Economy, security environment: the energy crisis poses a serious situation, say speakers during webinar – Pakistan
ISLAMABAD: Pakistan’s acute energy crisis poses a serious situation to its weak economy and unstable national security environment, and to avoid these challenges, the country needs an immediate and targeted approach.
This was the focal point of a webinar hosted by the Pakistan Institute for Economic Development (PIDE), here Thursday, which was addressed by former Prime Minister Shahid Khaqan Abbasi and others.
Speaking on the occasion, Abbasi said the country’s energy problems are deep and complex, rooted more in shortages of governance and political will than pure supply.
Pakistan is facing a deep energy crisis due to the lack of energy production from cheap sources, he said. He added that possible new policies are needed in this direction to improve the energy sector by paying more attention to alternative energy sources to promote economic progress.
Circular debt is pure loss; someone has to fix it. All circular debt is parked in industries and banks; these are unpaid invoices to the PPIs. He added that at present, the Ministers of Power and of Oil do not speak to each other, the lack of strategy and communication are the main reasons for the increase in the level of circular debt.
He said the government should step up oil exploration and production activities as part of dealing with the current energy crisis. He said that in 2013 when his party came to power in the first phase, they looked at the country’s energy needs and tried to find immediate ways to solve the problem. Given the supply / demand situation of the energy market, the government, in order to improve the country’s energy mix, has decided to start importing liquefied natural gas (LNG) for which measures both long term and medium term were taken.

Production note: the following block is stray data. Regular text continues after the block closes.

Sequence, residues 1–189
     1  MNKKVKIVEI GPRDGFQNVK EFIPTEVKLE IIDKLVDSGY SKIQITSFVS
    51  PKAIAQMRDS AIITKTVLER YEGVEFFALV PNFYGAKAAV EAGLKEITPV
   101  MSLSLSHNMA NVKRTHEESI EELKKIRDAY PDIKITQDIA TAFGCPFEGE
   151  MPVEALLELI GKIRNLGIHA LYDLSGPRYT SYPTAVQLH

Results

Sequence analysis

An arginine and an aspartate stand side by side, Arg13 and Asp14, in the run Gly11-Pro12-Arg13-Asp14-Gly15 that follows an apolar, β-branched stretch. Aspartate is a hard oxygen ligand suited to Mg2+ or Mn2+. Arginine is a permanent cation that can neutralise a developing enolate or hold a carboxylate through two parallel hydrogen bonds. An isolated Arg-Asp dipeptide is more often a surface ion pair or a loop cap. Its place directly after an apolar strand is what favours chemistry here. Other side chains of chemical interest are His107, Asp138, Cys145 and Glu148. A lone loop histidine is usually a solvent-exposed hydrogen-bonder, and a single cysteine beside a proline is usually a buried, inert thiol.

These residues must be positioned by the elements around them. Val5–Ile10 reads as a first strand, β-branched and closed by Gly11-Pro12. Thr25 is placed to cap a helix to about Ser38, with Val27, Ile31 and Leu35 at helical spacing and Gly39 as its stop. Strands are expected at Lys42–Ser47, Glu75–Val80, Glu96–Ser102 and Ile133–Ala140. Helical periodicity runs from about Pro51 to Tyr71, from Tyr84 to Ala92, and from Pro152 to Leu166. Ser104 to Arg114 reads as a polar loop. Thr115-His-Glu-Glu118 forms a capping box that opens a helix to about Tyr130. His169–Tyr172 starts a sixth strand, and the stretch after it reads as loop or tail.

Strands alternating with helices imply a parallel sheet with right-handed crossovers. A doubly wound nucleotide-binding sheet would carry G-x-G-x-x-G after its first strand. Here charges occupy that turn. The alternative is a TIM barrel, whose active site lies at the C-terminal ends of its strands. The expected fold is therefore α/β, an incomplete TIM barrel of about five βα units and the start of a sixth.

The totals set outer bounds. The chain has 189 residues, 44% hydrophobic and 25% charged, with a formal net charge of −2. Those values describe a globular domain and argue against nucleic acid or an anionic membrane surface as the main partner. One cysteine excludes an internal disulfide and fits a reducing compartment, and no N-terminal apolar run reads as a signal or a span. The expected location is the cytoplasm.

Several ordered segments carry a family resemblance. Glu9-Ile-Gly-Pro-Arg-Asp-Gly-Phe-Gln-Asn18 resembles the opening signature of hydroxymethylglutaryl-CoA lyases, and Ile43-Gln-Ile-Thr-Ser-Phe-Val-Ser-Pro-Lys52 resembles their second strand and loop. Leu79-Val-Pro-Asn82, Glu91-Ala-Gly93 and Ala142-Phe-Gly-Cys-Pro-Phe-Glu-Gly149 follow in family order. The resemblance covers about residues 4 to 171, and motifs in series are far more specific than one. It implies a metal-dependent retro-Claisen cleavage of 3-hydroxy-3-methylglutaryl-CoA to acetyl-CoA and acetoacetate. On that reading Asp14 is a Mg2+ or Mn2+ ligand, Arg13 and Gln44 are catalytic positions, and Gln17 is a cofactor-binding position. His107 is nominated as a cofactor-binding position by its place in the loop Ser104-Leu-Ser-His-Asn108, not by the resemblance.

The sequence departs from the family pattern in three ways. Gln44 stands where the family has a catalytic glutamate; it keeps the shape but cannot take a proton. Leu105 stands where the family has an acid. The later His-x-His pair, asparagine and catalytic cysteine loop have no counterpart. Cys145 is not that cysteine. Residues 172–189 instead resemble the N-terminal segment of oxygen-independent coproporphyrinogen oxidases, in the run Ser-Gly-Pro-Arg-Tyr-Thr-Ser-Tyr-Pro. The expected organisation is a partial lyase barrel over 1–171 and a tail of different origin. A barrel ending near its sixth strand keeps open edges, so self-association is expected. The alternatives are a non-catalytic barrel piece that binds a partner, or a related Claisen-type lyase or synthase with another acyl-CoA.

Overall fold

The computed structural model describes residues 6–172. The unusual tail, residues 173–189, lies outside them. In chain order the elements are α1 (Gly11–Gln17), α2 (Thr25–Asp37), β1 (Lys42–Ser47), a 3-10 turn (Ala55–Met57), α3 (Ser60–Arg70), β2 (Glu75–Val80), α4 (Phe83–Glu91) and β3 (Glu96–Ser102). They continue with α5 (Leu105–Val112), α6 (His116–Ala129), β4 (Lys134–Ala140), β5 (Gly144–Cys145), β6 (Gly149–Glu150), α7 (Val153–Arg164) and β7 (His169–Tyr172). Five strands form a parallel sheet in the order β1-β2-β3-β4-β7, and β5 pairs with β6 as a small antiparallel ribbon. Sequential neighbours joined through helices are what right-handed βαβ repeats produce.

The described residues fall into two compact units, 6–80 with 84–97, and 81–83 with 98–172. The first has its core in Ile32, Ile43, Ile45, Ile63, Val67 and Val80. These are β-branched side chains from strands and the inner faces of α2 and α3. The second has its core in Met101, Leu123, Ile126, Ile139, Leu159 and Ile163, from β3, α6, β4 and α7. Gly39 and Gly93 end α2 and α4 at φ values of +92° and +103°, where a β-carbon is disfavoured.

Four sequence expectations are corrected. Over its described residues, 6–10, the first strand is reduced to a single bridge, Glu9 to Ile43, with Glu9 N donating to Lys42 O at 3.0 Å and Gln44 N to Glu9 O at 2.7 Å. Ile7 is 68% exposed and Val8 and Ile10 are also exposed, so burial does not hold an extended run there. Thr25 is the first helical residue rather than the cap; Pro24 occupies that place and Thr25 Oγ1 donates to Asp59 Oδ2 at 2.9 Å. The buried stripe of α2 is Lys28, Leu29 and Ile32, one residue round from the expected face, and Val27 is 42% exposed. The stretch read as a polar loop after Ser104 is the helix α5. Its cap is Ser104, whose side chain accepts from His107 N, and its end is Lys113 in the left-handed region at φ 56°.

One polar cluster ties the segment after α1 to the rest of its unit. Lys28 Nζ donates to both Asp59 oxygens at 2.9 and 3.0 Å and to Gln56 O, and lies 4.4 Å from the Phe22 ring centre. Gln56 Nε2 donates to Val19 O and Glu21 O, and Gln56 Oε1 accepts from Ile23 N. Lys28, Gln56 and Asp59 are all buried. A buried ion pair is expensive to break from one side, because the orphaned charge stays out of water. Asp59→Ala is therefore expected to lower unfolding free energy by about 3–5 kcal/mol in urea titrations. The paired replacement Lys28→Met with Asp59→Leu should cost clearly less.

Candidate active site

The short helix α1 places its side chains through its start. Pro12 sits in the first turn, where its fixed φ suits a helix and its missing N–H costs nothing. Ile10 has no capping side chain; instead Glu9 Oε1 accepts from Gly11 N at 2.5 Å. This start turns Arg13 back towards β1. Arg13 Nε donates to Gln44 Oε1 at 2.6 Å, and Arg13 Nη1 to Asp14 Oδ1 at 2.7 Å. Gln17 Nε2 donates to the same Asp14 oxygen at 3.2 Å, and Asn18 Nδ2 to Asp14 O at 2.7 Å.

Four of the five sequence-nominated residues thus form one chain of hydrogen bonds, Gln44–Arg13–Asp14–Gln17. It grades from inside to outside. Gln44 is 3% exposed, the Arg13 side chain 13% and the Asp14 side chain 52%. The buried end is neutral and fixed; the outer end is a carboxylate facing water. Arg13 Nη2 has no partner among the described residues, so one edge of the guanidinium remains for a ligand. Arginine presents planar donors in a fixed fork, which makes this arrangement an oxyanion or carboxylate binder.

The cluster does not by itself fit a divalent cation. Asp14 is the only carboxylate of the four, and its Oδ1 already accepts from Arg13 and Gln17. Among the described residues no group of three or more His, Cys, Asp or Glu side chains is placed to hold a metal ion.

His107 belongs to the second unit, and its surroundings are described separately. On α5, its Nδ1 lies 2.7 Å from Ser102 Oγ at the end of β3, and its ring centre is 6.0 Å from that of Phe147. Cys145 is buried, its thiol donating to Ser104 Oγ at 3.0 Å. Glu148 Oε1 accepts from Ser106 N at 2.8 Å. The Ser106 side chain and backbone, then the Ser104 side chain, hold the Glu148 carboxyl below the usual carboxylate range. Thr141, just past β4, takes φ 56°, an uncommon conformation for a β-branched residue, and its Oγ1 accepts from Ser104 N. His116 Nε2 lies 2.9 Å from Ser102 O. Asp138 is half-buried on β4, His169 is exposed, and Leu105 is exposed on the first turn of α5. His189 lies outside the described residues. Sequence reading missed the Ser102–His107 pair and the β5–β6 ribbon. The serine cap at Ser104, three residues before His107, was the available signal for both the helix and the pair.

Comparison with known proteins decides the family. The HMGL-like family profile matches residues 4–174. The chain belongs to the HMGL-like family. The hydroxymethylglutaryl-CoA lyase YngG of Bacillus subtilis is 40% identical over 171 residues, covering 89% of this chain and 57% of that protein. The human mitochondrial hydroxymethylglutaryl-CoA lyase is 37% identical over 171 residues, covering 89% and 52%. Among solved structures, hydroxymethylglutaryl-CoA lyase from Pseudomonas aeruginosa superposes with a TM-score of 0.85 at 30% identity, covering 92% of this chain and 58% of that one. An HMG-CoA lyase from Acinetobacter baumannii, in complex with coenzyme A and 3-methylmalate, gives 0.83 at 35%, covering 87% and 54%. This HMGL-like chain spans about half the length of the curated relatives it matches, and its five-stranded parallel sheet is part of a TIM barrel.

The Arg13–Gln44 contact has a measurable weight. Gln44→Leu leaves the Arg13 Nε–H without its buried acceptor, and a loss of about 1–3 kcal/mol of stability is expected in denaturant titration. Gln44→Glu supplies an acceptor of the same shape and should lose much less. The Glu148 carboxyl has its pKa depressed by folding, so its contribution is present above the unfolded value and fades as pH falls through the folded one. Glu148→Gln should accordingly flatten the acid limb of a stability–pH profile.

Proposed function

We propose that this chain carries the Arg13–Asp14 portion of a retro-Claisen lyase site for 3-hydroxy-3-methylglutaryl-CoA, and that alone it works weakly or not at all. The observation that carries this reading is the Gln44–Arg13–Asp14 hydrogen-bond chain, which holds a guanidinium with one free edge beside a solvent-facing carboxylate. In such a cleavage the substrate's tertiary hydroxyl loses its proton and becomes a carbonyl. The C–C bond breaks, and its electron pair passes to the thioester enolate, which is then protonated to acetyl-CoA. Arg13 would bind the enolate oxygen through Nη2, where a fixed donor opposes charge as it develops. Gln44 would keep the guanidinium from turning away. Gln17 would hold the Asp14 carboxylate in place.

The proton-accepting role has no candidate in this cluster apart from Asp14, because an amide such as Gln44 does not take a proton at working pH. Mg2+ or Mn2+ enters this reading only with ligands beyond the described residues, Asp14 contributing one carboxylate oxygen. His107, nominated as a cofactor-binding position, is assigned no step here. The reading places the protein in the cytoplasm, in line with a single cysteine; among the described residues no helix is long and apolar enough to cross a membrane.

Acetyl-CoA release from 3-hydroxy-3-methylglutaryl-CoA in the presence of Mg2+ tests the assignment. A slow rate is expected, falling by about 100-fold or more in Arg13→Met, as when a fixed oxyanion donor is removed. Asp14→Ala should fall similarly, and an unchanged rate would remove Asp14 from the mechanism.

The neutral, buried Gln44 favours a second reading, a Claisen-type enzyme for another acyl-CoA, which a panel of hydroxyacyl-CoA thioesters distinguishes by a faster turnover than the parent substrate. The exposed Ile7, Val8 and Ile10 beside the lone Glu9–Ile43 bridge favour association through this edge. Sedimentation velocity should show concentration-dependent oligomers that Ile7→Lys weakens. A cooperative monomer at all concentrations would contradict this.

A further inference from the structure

As a first step, the government entered talks with the government of Qatar to sign a long-term agreement on the supply of LNG, but at the same time to obtain reasonable tariffs, the government of the time made an agreement with private LNG suppliers, which helped Pakistan get a better deal from the Qatari government.
He said that currently LNG tariffs have skyrocketed but if the government had made the right decision at the right time, which he said was during the peak of Covid-19, Pakistan could have save billions of dollars by procuring LNG on time.
He said the long-term deal with Qatar on the supply of LNG is currently much cheaper than the Iran-Pakistan and Turkmenistan-Afghanistan-Pakistan-India (TAPI) pipeline projects.
But the irony is that the current government of Pakistan is fixing the problems despite the solutions, he said. There is no free energy in the world, energy is expensive, and the most expensive energy is the energy you don’t have.
Solving Pakistan’s energy crisis will require political will, additional funding and new sources of electricity generation. As a country lacks significant sources of internal revenue, opportunities exist for international donors to fund its energy recovery, said VC PIDE Nadeem-ul-Haque.
Copyright Business Recorder, 2021